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Face The Nation host Margaret Brennan discusses the effort to overcome COVID-19 vaccine hesitancy in the U.S. and the surge of migrants at the southern border.
- Rutgers University says all students will need to be fully vaccinated against the Coronavirus in order to return to campus in the fall, and it will not be mandatory for faculty and employees, although they will be strongly urged to get the shots. So we're beginning to see these kinds of plans now.
"Face the Nation" host Margaret Brennan joins us from Washington tonight. Good to see you, Margaret, and the Biden administration says that there will be enough vaccine for the entire country by the end of May, but there's still a lot of hesitancy out there.
MARGARET BRENNAN: That's right, and that's going to be their new challenge, frankly, is overcoming some of that remaining hesitancy, and that is something we will talk to Dr. Fauci about on Sunday when he joins us on "Face the Nation," what is the strategy, exactly. Some of it has been to try to pump doses directly into community health centers. Now it's also outreach to more familiar local doctors. Or is it something that really should come through a public service announcement?
What is the strategy here? Because the areas that we're seeing hesitation are among self-identified Republicans under the age of 65, according to our latest CBS polling. There is still hesitation among some African-Americans, but that number really came down mid-January according to our latest CBS poll. So this is a shift, and it's an important part of this puzzle because to get to herd immunity, you need to get people to actually take the vaccine.
- Got get more and more people on board. And Margaret, we know both Democratic and Republican lawmakers are visiting the southern border today. Border patrol says that it is seeing 5,000 migrants a day, including more than 500 unaccompanied minors. We're beginning to see these images, more photographs, which unfortunately we've begun to see for years now. This is such an intractable problem. What's the Biden administration trying to do to address it?
MARGARET BRENNAN: It is an intractable problem. That's a great way to phrase it, Paula, because this dogs every administration. Every president promises a widescale immigration reform and then they fail to deliver on it because it is just such a hard problem to solve. This immediate surge at the border is where there's a real focus on criticism. The latest numbers we just saw here at CBS are 18,000 unaccompanied children who are now in US facilities in US custody.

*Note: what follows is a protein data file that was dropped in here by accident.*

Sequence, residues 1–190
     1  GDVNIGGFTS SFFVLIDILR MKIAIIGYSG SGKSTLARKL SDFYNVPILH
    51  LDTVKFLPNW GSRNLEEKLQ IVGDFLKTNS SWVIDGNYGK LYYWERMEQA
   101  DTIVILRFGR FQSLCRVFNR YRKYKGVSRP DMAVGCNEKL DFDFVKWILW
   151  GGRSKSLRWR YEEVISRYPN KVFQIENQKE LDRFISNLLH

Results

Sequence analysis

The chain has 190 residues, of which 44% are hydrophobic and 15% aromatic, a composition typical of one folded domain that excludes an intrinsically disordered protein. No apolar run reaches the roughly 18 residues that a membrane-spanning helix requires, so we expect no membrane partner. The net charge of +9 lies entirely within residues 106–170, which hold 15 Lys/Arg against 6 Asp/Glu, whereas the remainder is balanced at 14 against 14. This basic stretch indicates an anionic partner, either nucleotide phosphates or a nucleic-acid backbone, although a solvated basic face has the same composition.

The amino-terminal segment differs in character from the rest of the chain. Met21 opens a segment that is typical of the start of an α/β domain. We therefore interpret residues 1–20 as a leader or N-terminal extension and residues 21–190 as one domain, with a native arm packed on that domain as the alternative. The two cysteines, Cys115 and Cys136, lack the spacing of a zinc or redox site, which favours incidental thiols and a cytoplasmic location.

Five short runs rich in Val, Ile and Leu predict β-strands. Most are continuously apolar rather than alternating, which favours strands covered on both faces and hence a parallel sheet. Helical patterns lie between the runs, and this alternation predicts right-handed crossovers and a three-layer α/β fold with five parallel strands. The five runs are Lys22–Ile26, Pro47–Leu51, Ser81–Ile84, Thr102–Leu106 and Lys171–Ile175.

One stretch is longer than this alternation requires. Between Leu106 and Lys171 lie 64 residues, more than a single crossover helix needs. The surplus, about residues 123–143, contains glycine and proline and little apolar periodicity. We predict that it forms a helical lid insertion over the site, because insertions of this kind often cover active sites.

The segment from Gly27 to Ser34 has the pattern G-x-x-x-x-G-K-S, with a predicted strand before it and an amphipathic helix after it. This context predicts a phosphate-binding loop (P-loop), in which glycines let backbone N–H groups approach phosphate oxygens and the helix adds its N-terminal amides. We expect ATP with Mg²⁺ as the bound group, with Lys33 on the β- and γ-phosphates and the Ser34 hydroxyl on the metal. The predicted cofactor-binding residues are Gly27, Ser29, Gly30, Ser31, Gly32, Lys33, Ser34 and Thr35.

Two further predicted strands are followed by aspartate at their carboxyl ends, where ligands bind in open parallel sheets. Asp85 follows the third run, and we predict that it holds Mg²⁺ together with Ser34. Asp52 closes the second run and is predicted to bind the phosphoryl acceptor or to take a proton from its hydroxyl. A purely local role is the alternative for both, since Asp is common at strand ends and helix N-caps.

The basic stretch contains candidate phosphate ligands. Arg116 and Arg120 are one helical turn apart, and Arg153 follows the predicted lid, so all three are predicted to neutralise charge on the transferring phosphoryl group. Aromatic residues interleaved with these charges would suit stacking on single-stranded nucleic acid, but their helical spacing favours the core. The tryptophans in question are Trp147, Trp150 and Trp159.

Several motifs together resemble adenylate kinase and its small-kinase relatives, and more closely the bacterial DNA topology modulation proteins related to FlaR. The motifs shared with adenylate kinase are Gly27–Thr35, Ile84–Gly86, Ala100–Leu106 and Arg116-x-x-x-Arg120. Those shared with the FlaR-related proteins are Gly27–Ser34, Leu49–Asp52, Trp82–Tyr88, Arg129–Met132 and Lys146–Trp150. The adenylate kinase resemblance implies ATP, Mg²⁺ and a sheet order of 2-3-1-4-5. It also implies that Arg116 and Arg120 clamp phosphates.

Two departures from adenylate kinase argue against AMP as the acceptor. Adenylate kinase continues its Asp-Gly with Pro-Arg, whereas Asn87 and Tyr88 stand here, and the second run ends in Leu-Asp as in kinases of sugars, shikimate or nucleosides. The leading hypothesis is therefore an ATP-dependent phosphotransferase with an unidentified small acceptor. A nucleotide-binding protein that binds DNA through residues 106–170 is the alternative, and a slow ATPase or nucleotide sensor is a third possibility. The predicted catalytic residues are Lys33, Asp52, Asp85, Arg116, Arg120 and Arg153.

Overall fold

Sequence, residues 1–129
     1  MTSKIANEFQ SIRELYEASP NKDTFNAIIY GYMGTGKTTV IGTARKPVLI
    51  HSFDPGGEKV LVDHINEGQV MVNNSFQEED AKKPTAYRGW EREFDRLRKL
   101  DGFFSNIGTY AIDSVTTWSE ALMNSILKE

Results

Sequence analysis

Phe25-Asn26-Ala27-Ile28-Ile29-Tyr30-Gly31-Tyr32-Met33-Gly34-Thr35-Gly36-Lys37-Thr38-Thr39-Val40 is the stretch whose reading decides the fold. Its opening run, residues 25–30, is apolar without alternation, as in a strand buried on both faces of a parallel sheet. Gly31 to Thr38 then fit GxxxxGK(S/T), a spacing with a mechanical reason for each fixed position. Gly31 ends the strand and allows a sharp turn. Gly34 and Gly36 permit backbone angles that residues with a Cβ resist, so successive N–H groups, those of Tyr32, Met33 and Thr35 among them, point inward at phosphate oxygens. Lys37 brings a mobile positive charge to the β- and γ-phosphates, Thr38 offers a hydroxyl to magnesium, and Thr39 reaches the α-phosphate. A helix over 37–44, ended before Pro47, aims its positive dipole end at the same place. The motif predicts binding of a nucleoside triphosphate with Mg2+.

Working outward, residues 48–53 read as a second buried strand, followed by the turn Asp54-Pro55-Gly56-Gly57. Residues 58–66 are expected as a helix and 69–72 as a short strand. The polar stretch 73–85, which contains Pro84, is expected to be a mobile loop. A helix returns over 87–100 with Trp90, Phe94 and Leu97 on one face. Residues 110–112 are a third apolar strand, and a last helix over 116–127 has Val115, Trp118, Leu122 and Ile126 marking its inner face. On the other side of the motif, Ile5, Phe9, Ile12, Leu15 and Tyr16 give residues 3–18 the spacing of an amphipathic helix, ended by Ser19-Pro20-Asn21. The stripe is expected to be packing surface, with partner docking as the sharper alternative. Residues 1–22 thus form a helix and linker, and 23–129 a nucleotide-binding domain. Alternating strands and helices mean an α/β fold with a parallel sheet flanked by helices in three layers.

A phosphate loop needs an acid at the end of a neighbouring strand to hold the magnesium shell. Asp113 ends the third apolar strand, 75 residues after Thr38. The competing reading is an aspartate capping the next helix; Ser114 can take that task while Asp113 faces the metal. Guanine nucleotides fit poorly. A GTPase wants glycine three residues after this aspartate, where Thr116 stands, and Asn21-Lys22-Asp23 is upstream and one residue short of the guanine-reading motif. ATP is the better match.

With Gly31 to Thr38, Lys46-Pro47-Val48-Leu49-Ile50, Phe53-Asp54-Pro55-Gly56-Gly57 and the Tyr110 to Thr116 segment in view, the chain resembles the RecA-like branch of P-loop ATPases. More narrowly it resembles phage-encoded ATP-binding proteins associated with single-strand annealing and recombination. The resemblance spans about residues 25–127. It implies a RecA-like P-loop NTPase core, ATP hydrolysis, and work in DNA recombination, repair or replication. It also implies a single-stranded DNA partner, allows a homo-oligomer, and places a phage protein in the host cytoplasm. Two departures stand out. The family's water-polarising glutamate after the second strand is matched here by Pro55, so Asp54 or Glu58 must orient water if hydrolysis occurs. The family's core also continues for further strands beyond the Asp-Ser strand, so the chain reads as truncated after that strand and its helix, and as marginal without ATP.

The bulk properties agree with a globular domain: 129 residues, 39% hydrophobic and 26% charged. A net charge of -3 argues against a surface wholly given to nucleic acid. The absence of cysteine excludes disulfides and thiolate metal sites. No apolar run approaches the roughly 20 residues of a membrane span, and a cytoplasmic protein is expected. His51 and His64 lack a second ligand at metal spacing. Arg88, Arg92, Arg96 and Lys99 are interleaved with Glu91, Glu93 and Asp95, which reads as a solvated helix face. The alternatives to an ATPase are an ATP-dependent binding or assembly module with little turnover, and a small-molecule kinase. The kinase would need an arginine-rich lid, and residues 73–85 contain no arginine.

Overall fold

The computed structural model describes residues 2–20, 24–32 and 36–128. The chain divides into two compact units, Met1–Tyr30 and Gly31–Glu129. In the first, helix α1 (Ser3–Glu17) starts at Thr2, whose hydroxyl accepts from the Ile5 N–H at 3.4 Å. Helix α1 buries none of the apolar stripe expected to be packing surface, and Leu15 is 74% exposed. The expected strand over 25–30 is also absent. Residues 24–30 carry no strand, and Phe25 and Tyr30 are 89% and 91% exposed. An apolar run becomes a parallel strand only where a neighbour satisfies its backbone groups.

They've been allowed to stay on the US side of the border because of the Biden administration change in policy under COVID. Families who arrive are being expelled. That's in line with what the Trump administration was doing. But it's this broader question of what is the message that will dissuade people from coming in the first place. All we've heard is the long term strategy of pumping money into some of these troubled countries to try to keep people from making the trek in the first place.
But we know these numbers typically peak in May, so if you have such high numbers now and no sign of it stopping, the crisis is going to continue to build. We'll dig into this on Sunday with Congressman Cuellar of Laredo, Texas.
- We'll see you then. And from all of us at WBZ, Margaret, happy birthday.
MARGARET BRENNAN: Oh, thank you very much. I appreciate that.
- Enjoy your birthday. Have a good weekend. You can watch Margaret on "Face the Nation," of course, Sunday morning at 10:30 on WBZ, but she's also filling in for Norah tonight on the CBS Evening news so you'll see her. That starts at 6:30. David?
- Where's the cake? I was ready for some cake.
- We could sing.